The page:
With eight minutes left in Arizona State’s Pac-12 Tournament opening round game, they were up 14 on last place USC and headed for a quarterfinal rematch with UCLA, a team that they had just beaten in Tempe a few weeks before. The Sun Devils needed to win the Pac’s automatic bid in order to earn an NCAA Tournament appearance, but all things considered, the future looked reasonably bright. And then things drastically changed. Arizona State was outscored 21-4 over the final 8:29 of the game by the Trojans, and that seemingly bright future in the desert dimmed significantly. The blown lead a couple of Wednesday nights ago in Las Vegas did not simply mean the end to a season. It effectively meant the end to Herb Sendek’s career in Tempe. After increasing speculation about his position, Sendek was oficially fired on Tuesday. Doug Haller reports that the Sun Devils’ 42-point loss at Utah late in the season opened up the possibility of a change, and the USC debacle cemented it.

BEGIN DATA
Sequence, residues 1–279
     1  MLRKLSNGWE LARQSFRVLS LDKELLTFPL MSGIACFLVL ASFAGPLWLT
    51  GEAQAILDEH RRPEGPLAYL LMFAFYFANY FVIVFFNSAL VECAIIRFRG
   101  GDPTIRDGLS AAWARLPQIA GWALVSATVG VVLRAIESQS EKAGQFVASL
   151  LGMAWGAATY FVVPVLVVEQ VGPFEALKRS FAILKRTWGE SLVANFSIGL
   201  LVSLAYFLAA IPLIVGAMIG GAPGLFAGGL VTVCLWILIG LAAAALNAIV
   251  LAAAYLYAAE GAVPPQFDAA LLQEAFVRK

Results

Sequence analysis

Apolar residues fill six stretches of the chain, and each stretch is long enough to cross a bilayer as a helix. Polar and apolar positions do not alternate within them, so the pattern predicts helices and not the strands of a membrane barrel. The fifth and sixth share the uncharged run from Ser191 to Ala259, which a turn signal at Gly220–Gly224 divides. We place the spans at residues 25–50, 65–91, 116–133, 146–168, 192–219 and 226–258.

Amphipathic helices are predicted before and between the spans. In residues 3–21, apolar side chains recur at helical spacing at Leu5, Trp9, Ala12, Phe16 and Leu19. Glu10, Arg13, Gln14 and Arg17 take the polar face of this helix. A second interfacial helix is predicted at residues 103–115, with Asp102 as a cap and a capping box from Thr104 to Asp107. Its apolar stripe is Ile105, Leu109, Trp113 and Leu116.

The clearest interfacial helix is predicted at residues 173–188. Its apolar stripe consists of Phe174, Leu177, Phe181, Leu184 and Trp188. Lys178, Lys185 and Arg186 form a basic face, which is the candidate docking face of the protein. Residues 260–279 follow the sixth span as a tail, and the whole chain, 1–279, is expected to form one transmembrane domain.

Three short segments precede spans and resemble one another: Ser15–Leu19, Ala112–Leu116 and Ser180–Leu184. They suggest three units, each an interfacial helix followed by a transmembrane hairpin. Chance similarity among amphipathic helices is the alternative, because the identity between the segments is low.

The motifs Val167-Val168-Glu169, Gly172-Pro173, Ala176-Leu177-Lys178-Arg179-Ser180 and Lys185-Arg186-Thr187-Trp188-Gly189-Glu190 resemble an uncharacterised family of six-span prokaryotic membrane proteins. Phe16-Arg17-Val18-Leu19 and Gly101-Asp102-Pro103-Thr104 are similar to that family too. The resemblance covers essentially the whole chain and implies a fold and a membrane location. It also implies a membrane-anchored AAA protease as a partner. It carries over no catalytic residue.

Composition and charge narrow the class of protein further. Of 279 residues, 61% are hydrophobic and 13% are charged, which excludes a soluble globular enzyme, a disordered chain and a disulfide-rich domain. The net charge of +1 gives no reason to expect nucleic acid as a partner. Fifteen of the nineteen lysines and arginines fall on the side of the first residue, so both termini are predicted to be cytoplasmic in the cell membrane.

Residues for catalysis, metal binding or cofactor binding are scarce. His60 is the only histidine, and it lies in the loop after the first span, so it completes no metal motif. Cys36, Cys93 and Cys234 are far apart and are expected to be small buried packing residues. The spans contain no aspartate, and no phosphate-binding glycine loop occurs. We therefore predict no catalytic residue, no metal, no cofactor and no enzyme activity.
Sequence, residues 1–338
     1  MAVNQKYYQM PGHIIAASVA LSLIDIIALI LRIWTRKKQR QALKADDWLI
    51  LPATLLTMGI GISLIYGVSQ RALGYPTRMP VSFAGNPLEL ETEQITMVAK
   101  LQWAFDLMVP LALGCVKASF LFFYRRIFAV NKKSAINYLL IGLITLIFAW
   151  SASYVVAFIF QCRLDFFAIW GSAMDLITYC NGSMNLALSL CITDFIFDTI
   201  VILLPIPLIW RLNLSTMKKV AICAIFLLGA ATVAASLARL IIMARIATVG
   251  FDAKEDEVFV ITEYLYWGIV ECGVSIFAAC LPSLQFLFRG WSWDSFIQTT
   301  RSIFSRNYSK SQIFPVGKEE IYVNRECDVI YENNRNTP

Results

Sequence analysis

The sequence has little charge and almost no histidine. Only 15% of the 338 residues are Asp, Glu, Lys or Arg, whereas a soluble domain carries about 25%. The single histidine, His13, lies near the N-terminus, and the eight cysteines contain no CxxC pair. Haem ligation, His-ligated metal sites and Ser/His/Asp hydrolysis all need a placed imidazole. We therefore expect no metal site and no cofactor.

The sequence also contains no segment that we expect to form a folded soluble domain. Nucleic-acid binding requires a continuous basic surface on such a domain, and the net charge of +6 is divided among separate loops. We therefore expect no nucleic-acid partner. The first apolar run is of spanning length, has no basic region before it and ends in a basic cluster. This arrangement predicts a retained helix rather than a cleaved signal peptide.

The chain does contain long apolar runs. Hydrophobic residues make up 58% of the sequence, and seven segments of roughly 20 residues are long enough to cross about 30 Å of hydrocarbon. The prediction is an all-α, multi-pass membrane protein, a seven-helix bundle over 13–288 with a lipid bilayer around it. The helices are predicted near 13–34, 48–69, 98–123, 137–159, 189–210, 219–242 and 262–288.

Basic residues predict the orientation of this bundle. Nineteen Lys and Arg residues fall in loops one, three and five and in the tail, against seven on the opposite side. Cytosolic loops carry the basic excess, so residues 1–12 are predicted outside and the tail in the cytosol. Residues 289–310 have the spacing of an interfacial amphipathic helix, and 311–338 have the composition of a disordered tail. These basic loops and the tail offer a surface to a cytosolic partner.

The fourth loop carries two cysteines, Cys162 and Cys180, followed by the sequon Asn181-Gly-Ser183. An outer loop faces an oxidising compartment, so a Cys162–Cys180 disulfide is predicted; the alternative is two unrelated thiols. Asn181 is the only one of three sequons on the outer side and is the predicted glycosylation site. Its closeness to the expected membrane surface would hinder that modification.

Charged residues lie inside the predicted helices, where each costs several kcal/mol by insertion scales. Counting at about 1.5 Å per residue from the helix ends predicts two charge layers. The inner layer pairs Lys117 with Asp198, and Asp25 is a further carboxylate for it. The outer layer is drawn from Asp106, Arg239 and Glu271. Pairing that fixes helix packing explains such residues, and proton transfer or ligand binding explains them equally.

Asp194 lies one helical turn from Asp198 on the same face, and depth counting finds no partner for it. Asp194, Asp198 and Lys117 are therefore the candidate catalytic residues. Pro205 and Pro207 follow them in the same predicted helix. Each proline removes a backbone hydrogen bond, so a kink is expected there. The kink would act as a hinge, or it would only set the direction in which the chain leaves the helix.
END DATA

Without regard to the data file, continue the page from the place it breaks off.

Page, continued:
First, let’s wrap up Sendek’s career in Tempe. Nine seasons; two NCAA Tournament appearances; a record of 154-132; a conference record of 72-90. He landed the best recruiting class in the history of the school in 2007 when he pulled James Harden out of southern California, beating out schools like UCLA and Arizona for the future superstar’s services. He brought five ESPN top 100 recruits to Tempe and won just a single NCAA Tournament game, a win over Temple in 2009. In a vacuum, none of that is particularly impressive. Okay, so let’s remove that vacuum and give you some context about Arizona State basketball. In 1978, this program, along with Arizona, joined the Pac-8 to create the Pac-10. Thirty-seven college basketball seasons have gone into the books since then, and the Sun Devils have posted conference records of .500 or better 16 times. Sendek coached nine seasons in Tempe and recorded six of those. Bill Frieder is the other coach with any significant recent success at Arizona State – he tallied six .500-or-better seasons in eight years (before resigning in the wake of a point-shaving scandal and numerous other off-court issues). In those 37 seasons, Arizona State has made the NCAA Tournament seven times: twice under Sendek; twice under Frieder, once under Rob Evans; and twice, way back in the early 80s under Ned Wulk.**